At this Microsoft store -- one of 30 to open so far around the country -- shoppers are checking out the newest Windows 8 computers.
And in Consumer Reports labs, dozens of the new Windows 8 laptops have been tested, too.
To help evaluate displays, testers shine lights at computer screens to measure glare.
Keyboards are evaluated, too. Testers assess them for ergonomics, how comfortable they are to use.
"All the new laptops take advantage of Windows 8's tablet-like features, most notably the tiles that allow you to display live content or reach apps easily," said Paul Reynolds of Consumer Reports.
Some laptops can actually turn into a tablet. Testers say these convertible computers are lightweight for laptops, but fairly heavy for a tablet.
Other laptops are offering touch screens. You simply tap a tile to open a program.
"In our tests we found that using a laptop with a touch screen is the best way to experience what's different and most appealing about Windows 8," said Reynolds.
One touch-screen-enabled laptop Consumer Reports recommends Samsung's 13-inch Ultrabook for $850.
But you'll save money if you get a laptop with just a traditional touchpad, and no touch screen.
"Testers found that the touchpad works fine with Windows 8, but it isn't as intuitive to use as a touch screen" Reynolds said.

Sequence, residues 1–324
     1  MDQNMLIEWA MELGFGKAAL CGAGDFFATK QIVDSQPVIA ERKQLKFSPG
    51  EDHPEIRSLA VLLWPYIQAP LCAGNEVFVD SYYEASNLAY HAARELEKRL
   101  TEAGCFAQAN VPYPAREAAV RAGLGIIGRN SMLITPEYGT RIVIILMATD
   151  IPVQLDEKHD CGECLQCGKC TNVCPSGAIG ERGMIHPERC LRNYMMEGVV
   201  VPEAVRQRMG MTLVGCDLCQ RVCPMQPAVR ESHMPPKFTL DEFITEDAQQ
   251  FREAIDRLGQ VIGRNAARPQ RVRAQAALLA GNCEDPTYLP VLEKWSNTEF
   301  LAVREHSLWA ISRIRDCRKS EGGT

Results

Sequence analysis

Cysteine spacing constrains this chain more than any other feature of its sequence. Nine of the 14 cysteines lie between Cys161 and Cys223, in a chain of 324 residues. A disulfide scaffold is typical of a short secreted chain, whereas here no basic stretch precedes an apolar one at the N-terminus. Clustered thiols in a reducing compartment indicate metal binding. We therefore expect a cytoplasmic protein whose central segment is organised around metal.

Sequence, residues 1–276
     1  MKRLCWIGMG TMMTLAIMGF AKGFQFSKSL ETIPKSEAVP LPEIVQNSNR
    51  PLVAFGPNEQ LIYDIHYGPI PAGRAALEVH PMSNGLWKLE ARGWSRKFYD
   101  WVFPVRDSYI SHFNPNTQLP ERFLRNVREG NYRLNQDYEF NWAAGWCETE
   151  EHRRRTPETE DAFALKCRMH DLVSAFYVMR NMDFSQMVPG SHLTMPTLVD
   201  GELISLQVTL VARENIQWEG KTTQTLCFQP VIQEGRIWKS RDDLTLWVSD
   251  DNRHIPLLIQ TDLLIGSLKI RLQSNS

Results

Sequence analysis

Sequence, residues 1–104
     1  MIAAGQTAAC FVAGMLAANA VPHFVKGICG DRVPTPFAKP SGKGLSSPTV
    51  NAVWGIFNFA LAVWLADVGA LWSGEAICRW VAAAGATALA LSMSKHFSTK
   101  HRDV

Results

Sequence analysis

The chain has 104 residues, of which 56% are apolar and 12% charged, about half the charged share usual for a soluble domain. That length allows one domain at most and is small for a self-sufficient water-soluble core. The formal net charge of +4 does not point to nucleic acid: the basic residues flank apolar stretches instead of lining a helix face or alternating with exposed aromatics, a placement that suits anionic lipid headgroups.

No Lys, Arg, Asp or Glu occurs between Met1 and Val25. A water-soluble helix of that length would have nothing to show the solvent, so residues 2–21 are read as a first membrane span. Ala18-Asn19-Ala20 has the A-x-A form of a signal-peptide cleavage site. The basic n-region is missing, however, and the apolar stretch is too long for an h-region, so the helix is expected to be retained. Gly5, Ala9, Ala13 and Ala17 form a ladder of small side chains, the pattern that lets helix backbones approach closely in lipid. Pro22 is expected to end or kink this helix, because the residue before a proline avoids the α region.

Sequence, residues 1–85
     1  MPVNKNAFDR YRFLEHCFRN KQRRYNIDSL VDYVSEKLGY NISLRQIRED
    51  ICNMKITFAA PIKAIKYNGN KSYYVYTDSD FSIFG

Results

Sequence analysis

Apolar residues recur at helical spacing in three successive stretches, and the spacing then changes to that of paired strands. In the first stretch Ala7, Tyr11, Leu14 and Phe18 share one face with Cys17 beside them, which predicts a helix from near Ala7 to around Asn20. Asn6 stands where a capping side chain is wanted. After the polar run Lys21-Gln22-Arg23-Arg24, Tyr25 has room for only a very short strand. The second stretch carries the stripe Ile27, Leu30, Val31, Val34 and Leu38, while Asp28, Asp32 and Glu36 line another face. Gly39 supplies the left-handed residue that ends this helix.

Consumer Reports named two non-touch-screen laptops Best Buys: Acer's 15-inch Ultrabook for $600, and for $700, Sony's 13-inch Vaio Ultrabook.
What about upgrading your Windows 7 computer to Windows 8? Consumer Reports says that option is best for people whose current computer has a touch screen. You can download the free Windows 8 Upgrade Assistant from Microsoft to be sure your PC is eligible.
All Consumer Reports Material Copyright 2008. Consumers Union of U.S. Inc. ALL RIGHTS RESERVED. Consumer Reports is a not for profit organization which accepts no advertising. It has no commercial relationship with any advertiser or sponsor on this site. For more information visit consumerreports.org.